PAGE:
‘It’s like a sisterhood’

Mercy Hospice

PHOTOS BY EMILY SCOTT
Featured: Janet Adams’ nails were painted by 
another resident at Mercy Hospice, a recovery home for homeless women and their children. Adams lives there with her granddaughter Amarih. Above: Janet Adams, 57, and her granddaughter Amarih, 10, live at Mercy Hospice on 13th Street near Pine in Center City.

Mercy Hospice is the only recovery home in the city for homeless women and their children.

At Mercy Hospice, Janet Adams’ fingernails draw attention. They are painted light blue and pink, with small stick-on gems and sparkles.

Adams currently lives at Mercy Hospice, the only multi-support recovery home in Philadelphia for homeless women and their children. Some of the women live in the facility with their children, and some are seeking custody.

Another woman living in the recovery home painted Adams’ nails during their free time together. Adams — a blonde, soft-spoken, 57-year-old grandmother — said the nail artwork shows the resilience of women in recovery.

“We are the smartest people I think to walk this earth,” she said. “I really think that, because we know what it’s like to be down in the gutter and we know what it’s like to pull ourselves up.”

Adams has been in recovery for nine months and lived at Mercy Hospice for more than 60 days. She lives there with her 10-year-old granddaughter, Amarih. Amarih’s mother — Adams’ daughter — passed away in 2009, and Adams is working on getting independent housing for them when she leaves the recovery home.

“Recovery when you’re a mom is a lot different when you’re in recovery and a single because most of the time these women are learning how to parent without the crutch of their substance use.”                                         – Kate Baumgardner, Mercy Hospice program director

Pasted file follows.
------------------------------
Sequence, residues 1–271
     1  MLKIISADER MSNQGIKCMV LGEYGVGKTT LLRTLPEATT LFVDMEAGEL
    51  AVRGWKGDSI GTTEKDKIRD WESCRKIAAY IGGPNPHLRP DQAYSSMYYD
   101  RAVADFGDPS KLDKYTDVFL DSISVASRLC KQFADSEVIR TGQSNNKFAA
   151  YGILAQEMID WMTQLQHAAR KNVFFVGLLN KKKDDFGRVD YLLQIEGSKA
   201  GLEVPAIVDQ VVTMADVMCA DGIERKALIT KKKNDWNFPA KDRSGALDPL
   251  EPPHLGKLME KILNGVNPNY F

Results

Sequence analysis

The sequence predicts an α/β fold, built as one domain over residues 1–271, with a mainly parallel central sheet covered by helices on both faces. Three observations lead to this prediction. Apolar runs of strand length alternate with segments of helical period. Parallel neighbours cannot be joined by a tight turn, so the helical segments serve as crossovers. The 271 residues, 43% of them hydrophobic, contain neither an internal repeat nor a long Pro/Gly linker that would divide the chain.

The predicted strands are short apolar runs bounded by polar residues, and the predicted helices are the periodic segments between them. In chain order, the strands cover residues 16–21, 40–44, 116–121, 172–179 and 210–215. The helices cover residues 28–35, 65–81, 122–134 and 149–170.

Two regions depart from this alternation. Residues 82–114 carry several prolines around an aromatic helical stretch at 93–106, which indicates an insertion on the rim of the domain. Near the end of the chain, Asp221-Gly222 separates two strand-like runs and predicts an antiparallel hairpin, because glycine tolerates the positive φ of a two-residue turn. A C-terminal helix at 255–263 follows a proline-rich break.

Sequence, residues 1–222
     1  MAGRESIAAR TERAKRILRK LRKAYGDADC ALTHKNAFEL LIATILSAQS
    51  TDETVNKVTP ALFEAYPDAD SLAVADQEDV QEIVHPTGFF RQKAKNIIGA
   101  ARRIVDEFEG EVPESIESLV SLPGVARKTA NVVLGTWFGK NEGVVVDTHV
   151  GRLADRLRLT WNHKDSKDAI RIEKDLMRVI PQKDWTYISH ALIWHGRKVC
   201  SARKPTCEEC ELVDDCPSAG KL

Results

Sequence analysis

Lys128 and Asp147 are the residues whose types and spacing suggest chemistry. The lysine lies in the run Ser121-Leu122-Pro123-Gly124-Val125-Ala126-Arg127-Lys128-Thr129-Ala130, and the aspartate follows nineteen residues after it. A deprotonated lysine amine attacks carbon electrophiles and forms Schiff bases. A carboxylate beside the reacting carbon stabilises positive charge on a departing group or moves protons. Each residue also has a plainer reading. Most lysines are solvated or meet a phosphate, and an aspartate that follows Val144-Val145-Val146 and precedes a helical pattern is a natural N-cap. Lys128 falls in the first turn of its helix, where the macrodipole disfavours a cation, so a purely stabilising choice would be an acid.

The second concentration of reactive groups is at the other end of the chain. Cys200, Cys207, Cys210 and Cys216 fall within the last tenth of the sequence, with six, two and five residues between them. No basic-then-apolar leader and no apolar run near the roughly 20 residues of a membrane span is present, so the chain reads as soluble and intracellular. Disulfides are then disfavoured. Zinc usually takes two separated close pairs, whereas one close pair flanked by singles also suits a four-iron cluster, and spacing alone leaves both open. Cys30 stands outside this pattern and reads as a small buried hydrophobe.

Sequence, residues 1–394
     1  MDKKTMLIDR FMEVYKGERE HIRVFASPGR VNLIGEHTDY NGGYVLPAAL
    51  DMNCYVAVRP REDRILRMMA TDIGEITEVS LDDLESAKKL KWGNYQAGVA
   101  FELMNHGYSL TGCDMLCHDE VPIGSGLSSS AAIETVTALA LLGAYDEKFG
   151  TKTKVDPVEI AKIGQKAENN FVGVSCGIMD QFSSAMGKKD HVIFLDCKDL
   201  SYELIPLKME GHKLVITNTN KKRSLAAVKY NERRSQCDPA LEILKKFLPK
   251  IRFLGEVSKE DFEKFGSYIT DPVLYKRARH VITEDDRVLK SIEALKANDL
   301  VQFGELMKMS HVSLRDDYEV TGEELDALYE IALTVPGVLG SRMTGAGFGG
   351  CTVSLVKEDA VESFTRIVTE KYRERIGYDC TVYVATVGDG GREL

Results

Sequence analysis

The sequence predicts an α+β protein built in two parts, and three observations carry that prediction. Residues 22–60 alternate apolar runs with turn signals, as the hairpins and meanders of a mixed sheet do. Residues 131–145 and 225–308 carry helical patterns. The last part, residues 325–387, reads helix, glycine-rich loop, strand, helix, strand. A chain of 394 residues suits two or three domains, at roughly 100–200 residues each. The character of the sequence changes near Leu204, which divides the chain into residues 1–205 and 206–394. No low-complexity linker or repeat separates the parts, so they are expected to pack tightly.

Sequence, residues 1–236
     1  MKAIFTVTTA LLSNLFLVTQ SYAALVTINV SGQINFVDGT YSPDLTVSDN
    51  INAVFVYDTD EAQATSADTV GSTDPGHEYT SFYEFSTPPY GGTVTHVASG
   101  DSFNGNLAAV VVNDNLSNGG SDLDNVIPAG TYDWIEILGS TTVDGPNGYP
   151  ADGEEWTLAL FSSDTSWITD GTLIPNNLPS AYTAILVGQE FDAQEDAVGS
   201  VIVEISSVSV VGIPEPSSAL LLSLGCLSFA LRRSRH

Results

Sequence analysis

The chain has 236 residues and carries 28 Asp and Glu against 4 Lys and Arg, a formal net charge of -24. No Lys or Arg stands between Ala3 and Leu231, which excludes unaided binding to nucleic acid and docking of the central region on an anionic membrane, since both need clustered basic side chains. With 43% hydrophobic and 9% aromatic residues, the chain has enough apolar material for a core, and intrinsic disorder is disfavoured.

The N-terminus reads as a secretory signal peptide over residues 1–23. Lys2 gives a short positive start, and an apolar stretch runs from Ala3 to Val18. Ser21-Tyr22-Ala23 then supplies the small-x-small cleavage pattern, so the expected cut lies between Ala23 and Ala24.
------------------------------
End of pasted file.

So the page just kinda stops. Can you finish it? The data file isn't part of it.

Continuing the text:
The house on 13th Street near Pine can hold 31 women — 24 who are single and seven with kids — at a time. The women can stay in the recovery home for up to 90 days.

Most of the people who live in Mercy either come from prisons or drug treatment, said Kate Baumgardner, Mercy Hospice’s program director.

Baumgardner said she believes Mercy Hospice is a “stepping stone” to long-term recovery.

“They have lost everything because of their disease,” Baumgardner said. “They are so isolated because of all the maladaptive behaviors that went on in their addiction. We work with them here so they know they are so much more than their addiction.”

In the 2013-14 fiscal year, Mercy Hospice had 112 women discharged with an average stay length of 90 days. 48 percent of the individuals went on to independent housing.

At the time of intake, 71 percent of the women had no income, but that number decreased to 58 percent upon discharge.

Mental health and trauma treatment is also crucial within the recovery home because many of the women have dual-diagnoses, Baumgardner said. On Monday nights, Mercy Hospice hosts a support group for mothers. There is also a residence community meeting twice a week and a drug and alcohol education session offered weekly.

The women also attend an outpatient program, which is a treatment service that patients are often referred to after a medical assessment. Baumgardner added that sometimes women will find employment or enroll in classes during their time at Mercy.